Preckwinkle swipes at Rauner on health care bill
Monday, May 08, 2017
by Hal Dardick
Democratic Cook County Board President Toni Preckwinkle took a swipe at Republican Gov. Bruce Rauner on Monday, saying he should have done more to oppose GOP efforts to repeal the Affordable Care Act.
The board president said she urged the governor in March to contact Republicans in the state's congressional delegation and "tell them how important the ACA is to Cook County," but Rauner declined. Preckwinkle said she told Rauner during that phone call she was "deeply disappointed."
A Rauner spokeswoman called Preckwinkle's account of the conversation "simply untrue."
"On the contrary, President Preckwinkle thanked Gov. Rauner during their phone call for urging Congress to move thoughtfully through the health care debate, and the governor stressed his concerns about how the Medicaid population in Illinois would be affected by the proposed changes," Rauner spokeswoman Eleni Demertzis said in a statement.
Monday's differing accounts of the call comes after three Illinois Republicans who had declined to say how they would vote beforehand ended up in the "yes" column — U.S. Reps. Peter Roskam of Wheaton, Randy Hultgren of Plano in Kendall County and Adam Kinzinger of Channahon in Will County. The measure narrowly passed, and it now heads to the Senate where some rewriting is expected.
Before the March collapse of an earlier GOP repeal-and-replace bill, Rauner had warned that the city stood to lose $40 billion in Medicaid funding. After last week's vote on the reworked GOP plan, the governor said Obamacare was "seriously flawed," but expressed "deep concern" with the replacement plan and its effects on 650,000 Illinois residents who gained coverage through an expansion of Medicaid under Obamacare.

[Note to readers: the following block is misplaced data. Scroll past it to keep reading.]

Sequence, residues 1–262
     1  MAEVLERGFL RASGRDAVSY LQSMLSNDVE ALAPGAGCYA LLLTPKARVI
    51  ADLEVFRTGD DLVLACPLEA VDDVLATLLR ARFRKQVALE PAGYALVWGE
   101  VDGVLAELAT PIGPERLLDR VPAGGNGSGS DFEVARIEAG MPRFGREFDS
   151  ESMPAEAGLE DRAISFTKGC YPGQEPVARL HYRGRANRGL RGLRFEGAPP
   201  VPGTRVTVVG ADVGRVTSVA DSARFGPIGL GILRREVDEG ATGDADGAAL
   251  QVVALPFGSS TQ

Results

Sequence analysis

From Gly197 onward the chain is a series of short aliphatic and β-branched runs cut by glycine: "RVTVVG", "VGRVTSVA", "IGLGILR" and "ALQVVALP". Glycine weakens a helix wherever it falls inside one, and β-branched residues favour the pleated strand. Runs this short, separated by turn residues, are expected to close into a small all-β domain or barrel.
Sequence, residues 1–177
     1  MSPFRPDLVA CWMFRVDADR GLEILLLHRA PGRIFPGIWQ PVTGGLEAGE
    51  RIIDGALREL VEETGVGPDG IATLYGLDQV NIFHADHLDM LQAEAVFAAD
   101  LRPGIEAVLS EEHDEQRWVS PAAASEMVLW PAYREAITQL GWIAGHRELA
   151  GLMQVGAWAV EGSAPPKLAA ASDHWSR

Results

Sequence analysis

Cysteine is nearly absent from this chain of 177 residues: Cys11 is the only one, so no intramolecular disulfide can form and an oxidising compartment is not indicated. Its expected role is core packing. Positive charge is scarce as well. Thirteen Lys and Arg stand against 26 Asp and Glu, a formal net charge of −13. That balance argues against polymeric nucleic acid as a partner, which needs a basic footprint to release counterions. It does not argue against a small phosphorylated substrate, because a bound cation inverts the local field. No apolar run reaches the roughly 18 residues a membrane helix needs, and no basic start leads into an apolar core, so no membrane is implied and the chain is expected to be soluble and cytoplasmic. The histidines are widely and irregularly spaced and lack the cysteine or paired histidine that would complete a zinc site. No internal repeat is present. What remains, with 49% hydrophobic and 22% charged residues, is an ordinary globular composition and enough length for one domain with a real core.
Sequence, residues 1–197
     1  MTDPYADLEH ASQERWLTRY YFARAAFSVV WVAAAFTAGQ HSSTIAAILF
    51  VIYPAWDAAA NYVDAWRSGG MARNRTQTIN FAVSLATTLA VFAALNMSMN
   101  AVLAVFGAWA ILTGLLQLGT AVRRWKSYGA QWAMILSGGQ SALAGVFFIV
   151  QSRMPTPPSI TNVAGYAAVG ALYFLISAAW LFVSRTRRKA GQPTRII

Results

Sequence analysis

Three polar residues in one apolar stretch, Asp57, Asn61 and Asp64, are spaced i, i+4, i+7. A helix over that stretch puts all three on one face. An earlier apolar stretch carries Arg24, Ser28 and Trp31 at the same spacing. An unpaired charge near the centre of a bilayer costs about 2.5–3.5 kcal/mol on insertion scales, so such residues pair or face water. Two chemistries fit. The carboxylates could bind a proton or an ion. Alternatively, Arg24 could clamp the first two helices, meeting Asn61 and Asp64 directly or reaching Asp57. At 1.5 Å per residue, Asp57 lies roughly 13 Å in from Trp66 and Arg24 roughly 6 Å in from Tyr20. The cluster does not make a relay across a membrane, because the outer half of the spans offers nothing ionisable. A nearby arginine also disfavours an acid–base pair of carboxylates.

Preckwinkle said she wished Rauner "would have forcefully expressed that concern prior to the vote." She noted Republican Gov. John Kasich of Ohio had spoken in favor of aspects of Obamacare prior to the vote. She also said she "reminded" Rauner that she went to Washington, D.C., last fall at his request to support a health care initiative he needed federal approval to carry out.
Both Preckwinkle and Dr. Jay Shannon, CEO of the Cook County Health and Hospitals System, have warned of the potential impact of repealing Obamacare on both local taxpayers and patients whom the system treats.
They say the county stands to lose at least $200 million in payments it gets through the Obamacare expansion of Medicaid, and potentially hundreds of millions of dollars more if repeal results in a return to the days when a majority of people treated by the county health care system have no way to pay for their care. Those are costs local taxpayers could end up paying for, reversing how the county has reduced its local health care tax subsidy by $289 million over the past seven years thanks largely to Obamacare.
And people could find themselves without a way to pay for medications for chronic conditions, go to the emergency room for basic health care needs or end up only seeking care when they get really sick — all of which makes their ailments even more costly to treat, they said.
Monday's news conference, followed by an appearance of Shannon at the City Club of Chicago luncheon to outline his concerns, is seen as a way to try to build opposition to the Republican health care plan as it moves to the Senate.
"This issue is not dead — it's not even half way to the finish line," Shannon said. "The battle has just started. It requires individuals, community-based organizations, to be reaching out to their elected officials and saying, 'We will not go backward. We cannot go backward.'"